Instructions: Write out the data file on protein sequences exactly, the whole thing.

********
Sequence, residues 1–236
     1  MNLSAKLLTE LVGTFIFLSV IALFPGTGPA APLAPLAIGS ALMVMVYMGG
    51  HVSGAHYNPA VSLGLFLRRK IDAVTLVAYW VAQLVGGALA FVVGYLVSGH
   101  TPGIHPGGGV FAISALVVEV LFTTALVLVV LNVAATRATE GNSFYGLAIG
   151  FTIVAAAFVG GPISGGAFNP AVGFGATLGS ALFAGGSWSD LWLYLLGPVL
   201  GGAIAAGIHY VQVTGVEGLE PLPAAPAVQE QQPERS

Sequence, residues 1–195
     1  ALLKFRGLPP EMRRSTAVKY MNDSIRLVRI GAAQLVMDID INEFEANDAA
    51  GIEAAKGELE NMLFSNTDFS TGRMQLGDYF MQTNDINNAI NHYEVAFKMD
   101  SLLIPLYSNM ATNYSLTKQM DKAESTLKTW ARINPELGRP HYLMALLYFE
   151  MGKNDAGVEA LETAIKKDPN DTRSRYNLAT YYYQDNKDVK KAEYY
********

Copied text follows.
Sequence, residues 1–236
     1  MNLSAKLLTE LVGTFIFLSV IALFPGTGPA APLAPLAIGS ALMVMVYMGG
    51  HVSGAHYNPA VSLGLFLRRK IDAVTLVAYW VAQLVGGALA FVVGYLVSGH
   101  TPGIHPGGGV FAISALVVEV LFTTALVLVV LNVAATRATE GNSFYGLAIG
   151  FTIVAAAFVG GPISGGAFNP AVGFGATLGS ALFAGGSWSD LWLYLLGPVL
   201  GGAIAAGIHY VQVTGVEGLE PLPAAPAVQE QQPERS

Sequence, residues 1–195
     1  ALLKFRGLPP EMRRSTAVKY MNDSIRLVRI GAAQLVMDID INEFEANDAA
    51  GIEAAKGELE NMLFSNTDFS TGRMQLGDYF MQTNDINNAI NHYEVAFKMD
   101  SLLIPLYSNM ATNYSLTKQM DKAESTLKTW ARINPELGRP HYLMALLYFE
   151  MGKNDAGVEA LETAIKKDPN DTRSRYNLAT YYYQDNKDVK KAEYY